How Do I Know I’m Ready for Recovery?

How Do I Know I'm Ready For Recovery?

How Do I Know I’m Ready for Recovery?

People in your life may be concerned about your drinking habits or your drug use. Maybe concerned family members make comments when you go for one more beer at parties or have a second glass of wine for dinner, but does this mean you need to seek treatment? How do you know if you’re really ready for recovery? Recovery is a personal journey that will look different to everyone from start to finish.

It can be difficult to assess when you should ask for help. While it’s important to take input from your friends and family, they all have biases that influence their opinion. You have to do what is right for you. But how can you determine that? There are various signs that you might be ready to start your recovery journey.

Understanding Symptoms to Know if You’re Ready for Recovery

When you picture a person with substance use disorder (SUD), you probably imagine the worst-case scenario. A person with severe withdrawal symptoms who prioritizes using above all else. However, SUD does not look the same in every person. Some variables might include the substance the person is using and specific personality traits. Generally, the criteria for being diagnosed with SUD involve the following:

Impaired Control (Mild Consumption)

  • Consuming the substance in larger quantities and for longer amounts of time than intended
  • Persistent desire to cut down or stop using but failure to do so
  • Most of your time is spent consuming or recovering from the effects of the substance
  • Experiencing cravings or desire to use

Social Impairment (Moderate Consumption)

  • Substance use impairs the ability to fulfill responsibilities and work, family, or school obligations
  • Continued use of substances despite social or interpersonal problems
  • Reducing or withdrawing from recreational, social, or occupational activities because of substance use

Risk Impairment (Moderate-Severe Consumption)

  • Multiple instances of using substances in an unsafe environment
  • Continue usage despite knowing that it is causing or exasperating physical or psychological problems

Pharmacologic (Severe Consumption)

  • Requiring an increasingly higher dose of a substance to achieve the same effects due to a built tolerance
  • Experiencing withdrawal symptoms that are caused by periods of abstaining from substance use

Why You Shouldn’t Wait Until You Feel Ready for Recovery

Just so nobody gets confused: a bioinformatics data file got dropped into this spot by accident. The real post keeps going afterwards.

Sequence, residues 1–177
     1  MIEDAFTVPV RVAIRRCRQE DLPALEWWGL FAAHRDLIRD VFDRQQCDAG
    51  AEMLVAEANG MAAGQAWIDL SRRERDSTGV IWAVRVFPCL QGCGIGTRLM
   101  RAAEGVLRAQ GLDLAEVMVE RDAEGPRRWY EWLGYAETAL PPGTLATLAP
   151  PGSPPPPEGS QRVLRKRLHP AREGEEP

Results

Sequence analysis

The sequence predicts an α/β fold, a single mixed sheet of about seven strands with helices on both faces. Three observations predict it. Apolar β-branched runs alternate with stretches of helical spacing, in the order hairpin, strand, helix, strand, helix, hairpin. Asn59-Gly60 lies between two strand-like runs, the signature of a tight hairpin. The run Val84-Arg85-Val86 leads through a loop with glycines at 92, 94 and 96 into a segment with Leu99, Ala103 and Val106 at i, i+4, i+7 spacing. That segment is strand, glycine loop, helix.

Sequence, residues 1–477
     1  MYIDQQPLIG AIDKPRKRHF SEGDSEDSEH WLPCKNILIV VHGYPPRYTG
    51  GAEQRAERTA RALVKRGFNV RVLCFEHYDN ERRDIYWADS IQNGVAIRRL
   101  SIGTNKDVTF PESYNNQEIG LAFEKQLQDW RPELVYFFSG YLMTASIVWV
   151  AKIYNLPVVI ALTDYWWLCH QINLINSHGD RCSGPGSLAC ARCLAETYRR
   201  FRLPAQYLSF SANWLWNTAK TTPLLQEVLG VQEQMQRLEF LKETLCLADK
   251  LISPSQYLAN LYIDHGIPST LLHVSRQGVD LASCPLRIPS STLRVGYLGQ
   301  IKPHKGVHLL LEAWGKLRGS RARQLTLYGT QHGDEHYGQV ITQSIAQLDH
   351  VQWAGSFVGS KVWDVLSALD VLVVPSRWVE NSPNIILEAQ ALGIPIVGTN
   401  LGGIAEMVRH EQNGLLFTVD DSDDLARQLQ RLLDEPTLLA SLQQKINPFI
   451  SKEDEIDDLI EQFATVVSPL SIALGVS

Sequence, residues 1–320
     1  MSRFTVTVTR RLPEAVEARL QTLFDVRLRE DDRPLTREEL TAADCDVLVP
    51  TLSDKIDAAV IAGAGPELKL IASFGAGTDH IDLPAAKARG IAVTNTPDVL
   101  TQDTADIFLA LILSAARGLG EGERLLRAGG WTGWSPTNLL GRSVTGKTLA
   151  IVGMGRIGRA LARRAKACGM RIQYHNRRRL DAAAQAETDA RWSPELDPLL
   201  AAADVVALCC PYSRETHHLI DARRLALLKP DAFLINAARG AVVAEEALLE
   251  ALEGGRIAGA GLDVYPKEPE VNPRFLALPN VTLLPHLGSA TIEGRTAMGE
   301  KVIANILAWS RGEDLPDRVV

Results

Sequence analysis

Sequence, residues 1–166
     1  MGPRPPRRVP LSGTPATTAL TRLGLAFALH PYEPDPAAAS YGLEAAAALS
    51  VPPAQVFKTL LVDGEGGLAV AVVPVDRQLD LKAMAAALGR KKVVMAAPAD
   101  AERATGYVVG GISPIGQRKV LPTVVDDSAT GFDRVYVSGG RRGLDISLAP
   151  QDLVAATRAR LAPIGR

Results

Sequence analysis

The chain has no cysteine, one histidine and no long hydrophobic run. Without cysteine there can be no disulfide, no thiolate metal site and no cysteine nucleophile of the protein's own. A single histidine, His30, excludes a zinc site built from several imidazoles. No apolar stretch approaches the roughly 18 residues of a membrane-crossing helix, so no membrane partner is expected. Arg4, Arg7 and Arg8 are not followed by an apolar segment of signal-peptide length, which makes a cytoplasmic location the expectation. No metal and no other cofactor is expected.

You may not “feel” ready for recovery until you are in it. It’s a difficult process that lasts a lifetime and requires you to reflect on your thoughts and behaviors. Everyone deserves a chance to start their life over. Facilities like Restoration Recovery Center can help you live a happy, healthier, and fuller life. Don’t let the fear of change hold you back. The earlier you seek intervention, the more immediate effect it will have on your mental and physical health. However, even if you’re at the most severe stage of SUD, it is never too late to ask for help.

The Benefits of Early Intervention

The earlier you seek intervention the easier your recovery will be. Seeking early intervention can even prevent the onset of symptoms. If you seek treatment early, your recovery journey will be easier because you will likely not have to mitigate severe withdrawal symptoms and will be less hindered by the physical side effects of SUD.

The Harm of the ‘Rock Bottom’ Myth

You can’t wait until you hit “rock bottom” to be ready for recovery because it doesn’t exist. Some people might have “rock bottom” moments where they realized that they needed help, but this moment will be different for everyone. Even once a person declares a moment in their life to be “rock bottom,” that doesn’t guarantee that they won’t ever hit a new one. Don’t worry if you have or haven’t hit this point; if you feel like your substance use is affecting how you function in your day-to-day life, don’t be afraid to reach out for help.

Other Signs You’re Ready for Recovery

A SUD diagnosis can be broken down into more specific diagnoses. For instance, if you qualify for a SUD diagnosis, you may also qualify for alcohol use disorder (AUD), opioid use disorder (OUD), or marijuana use disorder (MUD), to name a few. Many rehabilitation facilities like Restoration Recovery Center have various recovery programs that are substance-specific. The symptoms for each of these disorders are more specific than SUD, and knowing what they are can help you better understand where you are on the SUD spectrum.

Some other generally reported signs of SUD may include:

  • Obsessive thoughts
  • Disregard of harm
  • Loss of control
  • Isolating or being secretive about activities
  • Financial problems
  • Legal problems
  • Disrupted sleep
  • Defensiveness/irritability/argumentative
  • Avoiding talking about substance use

If your friends and family are raising concerns about your substance use, take the time to analyze your substance use patterns. While this does not mean you necessarily have SUD, it’s always good to check in with yourself and examine your thoughts and behaviors. Analyze how they are impacting your ability to function in your day-to-day life.

Understanding the signs and symptoms of SUD can help you understand if you’re ready to begin your recovery journey and seek treatment. SUD will look different for every person, so only you can decide if starting your recovery journey is right for you. At Restoration Recovery Center, we offer a variety of treatments for various types of substance use disorders. Our mental health professionals can work closely with you to develop a treatment plan that will meet your recovery needs. If you or someone you know is struggling with substance use, call (888) 290-0925 to learn how Restoration Recovery Center can help you restore your life’s purpose and heal from addiction.

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